There will be plenty today who clearly see the hypocrisy of Newt Gingrich. He is adamantly for “the sanctity of marriage” and yet asks his second wife (who was his first mistress) for an open marriage so that he can continue his affair with the woman who will later be his third wife while remaining married to his second wife. In what sense does this confusing story reflect any belief that marriage is sacred?
It doesn’t. But what will be more telling is that poor Newt will be a scapegoat. Once again, we get to point the finger at the hypocrisy of another so that we can avoid seeing it in ourselves. More specifically, as evangelicals, our stances “for the sanctity of life” and “for the sanctity of marriage,” is really just a disguise. Our lives reveal that we are not “for” these things in any tangible sense. While it might not be as stark or public as Newt, our lives often reveal that what we really mean is we are not for the sacredness of life or the sacredness of marriage, we are “against abortion” and “against gay marriage.”
Once again, we do not want to go where our logic and “black & white” stances take us. It’s much safer and self-confirming to point out the wood we find in Newt’s eye, all the while blind to it in our own. And so we are, unknowingly, a walking contradiction. And unfortunately, it is a contradiction that is unwilling to recognize its own hypocrisy.
It is only when we are actually confronted with our “second wife” that we admit to it.
If we were for the sacredness of marriage, the divorce rate among evangelicals would not be the same as the rest of the US. If we were for the sacredness of marriage, we wouldn’t be secretly looking at pornography or finding ourselves in emotional and physical affairs. If we believed that marriage was sacred, we wouldn’t just passively shake our head when another couple in our church is going through tough times. But these are things we are not willing to admit to ourselves. Most of our lives reflect that we aren’t for the sacredness of marriage, we are against gay people getting the same treatment from the government as we enjoy. To be more accurate, we are probably afraid of what will happen, just as those who are in power are always afraid of changing the status quo in favor of those without power.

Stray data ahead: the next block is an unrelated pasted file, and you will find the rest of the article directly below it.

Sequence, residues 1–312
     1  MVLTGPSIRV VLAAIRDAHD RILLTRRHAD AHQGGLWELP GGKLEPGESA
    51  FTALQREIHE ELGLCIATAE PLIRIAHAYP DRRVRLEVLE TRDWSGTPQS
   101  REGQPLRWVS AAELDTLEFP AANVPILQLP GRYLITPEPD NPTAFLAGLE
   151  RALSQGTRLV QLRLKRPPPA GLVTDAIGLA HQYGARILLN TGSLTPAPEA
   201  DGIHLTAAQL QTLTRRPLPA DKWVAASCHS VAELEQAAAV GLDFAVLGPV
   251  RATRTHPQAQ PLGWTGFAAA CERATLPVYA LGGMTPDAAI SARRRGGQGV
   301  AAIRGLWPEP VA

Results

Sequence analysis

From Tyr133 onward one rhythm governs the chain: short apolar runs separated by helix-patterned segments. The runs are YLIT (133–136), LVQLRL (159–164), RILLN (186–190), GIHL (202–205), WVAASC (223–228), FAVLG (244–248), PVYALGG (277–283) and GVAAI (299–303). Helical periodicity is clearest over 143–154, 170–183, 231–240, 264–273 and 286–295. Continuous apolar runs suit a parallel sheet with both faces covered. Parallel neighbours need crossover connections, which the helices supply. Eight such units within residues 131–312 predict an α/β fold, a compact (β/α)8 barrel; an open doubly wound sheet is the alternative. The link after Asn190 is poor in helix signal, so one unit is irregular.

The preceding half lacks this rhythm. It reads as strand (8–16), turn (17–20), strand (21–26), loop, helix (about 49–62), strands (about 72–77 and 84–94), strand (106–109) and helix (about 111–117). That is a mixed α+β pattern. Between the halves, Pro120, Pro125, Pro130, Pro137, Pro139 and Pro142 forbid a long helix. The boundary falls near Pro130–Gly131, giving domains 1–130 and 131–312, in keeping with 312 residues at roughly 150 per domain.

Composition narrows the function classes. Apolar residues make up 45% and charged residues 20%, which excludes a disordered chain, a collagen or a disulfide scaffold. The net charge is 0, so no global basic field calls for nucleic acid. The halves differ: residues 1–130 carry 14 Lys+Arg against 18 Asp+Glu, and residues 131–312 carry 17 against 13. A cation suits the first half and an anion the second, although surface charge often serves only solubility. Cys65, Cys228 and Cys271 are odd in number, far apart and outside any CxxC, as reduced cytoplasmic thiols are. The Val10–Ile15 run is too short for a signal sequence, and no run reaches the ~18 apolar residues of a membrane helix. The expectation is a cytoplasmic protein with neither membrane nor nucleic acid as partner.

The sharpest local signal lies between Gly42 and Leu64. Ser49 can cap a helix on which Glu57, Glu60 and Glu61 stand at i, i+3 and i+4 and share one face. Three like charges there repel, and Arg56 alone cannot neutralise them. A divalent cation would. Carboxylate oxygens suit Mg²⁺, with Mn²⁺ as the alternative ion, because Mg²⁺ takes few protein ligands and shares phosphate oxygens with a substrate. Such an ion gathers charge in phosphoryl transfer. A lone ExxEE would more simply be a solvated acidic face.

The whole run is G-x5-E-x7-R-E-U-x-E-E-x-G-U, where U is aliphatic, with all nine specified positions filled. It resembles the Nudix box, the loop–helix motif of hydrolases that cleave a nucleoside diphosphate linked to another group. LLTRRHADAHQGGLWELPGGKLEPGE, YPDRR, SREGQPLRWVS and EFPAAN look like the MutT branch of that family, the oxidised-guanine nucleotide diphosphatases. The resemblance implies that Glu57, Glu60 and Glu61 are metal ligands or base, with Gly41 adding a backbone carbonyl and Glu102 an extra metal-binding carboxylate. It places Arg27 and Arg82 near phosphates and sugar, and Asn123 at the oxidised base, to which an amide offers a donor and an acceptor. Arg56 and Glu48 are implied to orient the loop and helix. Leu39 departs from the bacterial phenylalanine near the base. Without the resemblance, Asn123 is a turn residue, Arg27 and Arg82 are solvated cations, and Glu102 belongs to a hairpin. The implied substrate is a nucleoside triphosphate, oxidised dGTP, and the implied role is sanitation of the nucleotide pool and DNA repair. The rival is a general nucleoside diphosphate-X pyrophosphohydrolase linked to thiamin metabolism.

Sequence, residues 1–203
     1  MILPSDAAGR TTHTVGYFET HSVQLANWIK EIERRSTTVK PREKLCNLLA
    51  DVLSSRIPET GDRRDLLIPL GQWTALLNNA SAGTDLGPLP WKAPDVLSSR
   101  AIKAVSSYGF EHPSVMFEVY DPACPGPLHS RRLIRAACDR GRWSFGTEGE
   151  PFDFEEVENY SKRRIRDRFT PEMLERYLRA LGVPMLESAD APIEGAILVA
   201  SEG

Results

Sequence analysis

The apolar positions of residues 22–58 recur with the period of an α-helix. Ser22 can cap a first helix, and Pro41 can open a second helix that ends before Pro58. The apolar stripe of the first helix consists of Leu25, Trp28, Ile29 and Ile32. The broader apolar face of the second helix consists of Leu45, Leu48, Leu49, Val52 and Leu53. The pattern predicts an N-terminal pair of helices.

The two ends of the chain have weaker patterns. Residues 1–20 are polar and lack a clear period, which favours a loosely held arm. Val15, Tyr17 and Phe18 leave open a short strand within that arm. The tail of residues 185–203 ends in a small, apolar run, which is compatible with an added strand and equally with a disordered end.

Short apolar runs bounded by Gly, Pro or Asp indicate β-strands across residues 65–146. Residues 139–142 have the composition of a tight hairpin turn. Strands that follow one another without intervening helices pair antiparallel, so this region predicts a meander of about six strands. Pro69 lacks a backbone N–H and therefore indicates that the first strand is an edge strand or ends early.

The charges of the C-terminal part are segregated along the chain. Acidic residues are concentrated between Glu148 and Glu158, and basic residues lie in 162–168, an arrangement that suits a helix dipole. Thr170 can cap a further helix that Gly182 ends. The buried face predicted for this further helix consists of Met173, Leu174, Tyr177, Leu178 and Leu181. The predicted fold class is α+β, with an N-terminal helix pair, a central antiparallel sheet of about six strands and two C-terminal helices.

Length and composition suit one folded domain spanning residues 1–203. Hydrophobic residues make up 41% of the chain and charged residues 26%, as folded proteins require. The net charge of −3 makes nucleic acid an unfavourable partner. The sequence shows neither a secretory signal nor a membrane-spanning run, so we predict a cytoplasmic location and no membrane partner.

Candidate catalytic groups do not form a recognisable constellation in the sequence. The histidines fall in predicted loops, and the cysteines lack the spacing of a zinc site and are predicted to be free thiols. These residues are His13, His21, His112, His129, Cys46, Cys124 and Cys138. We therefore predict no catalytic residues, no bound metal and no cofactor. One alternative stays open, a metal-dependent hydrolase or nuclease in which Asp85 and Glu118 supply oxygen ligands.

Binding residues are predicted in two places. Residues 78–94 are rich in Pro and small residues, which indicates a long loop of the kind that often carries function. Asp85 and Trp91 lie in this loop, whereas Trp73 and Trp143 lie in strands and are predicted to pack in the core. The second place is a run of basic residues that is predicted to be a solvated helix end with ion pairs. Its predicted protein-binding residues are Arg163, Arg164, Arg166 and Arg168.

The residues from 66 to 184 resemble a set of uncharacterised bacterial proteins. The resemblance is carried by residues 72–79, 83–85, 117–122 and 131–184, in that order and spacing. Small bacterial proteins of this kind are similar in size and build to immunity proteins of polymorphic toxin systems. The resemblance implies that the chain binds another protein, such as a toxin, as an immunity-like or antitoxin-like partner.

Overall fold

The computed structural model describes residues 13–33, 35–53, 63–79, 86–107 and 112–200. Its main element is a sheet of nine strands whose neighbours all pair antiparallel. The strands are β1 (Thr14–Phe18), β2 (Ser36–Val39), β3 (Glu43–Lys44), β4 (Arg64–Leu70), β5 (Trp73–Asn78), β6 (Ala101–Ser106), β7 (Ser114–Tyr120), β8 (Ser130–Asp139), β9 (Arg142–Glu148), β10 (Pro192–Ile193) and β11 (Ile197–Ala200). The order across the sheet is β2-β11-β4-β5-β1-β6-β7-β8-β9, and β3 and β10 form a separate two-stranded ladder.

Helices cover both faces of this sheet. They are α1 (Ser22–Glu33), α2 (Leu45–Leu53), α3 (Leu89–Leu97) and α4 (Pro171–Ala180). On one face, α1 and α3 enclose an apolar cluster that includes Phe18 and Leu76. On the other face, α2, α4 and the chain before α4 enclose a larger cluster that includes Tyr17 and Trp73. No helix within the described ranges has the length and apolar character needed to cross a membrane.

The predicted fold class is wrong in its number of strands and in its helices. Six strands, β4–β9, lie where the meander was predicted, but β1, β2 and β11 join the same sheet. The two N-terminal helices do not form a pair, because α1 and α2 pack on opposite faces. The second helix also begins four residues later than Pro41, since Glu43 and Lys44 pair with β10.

Again, if we were for the sacredness of life, we would not simply voice our outrage over the killing of fetuses, we would be actively involved in caring for single-soon-to-be-mothers. To be “for” something is to do whatever it takes, not just say what I think. Are you willing to mentor single-mothers? Are you willing to sacrifice some of your kids extra-curricular activities or open a room in your home to passionately love a mother who sees no way out? If not, do not tell me you are “pro-life.”
If we were for the sacredness of life, we would not rejoice over the defeat of America’s enemies, perhaps we would be anti-war altogether, like our Mennonite brothers and sisters. If we were “for” the sacredness of life, perhaps we would value life over budget and stop buying the cheapest products even though we are aware they are likely cheap because they are made by slave labor.
Perhaps this is too much. Maybe you are not ready to make these changes to your life. I am okay with that. In many areas, neither am I. But be honest with yourself. Stop saying you are “pro-life” and start aspiring to be “pro-life” or just say what you mean: “I think abortion is wrong but I’m not really at place in life where I willing to make a difference.”
Allow yourself to be confronted with your own hypocrisy and fear and you might find that the wars we wage do not happen between “us” and “them” but between “us” and “us.” The idea that we are fighting “them” is an illusion that keeps us from being confronted with the chasm we find between the beliefs in our head and the reality of our lifestyle.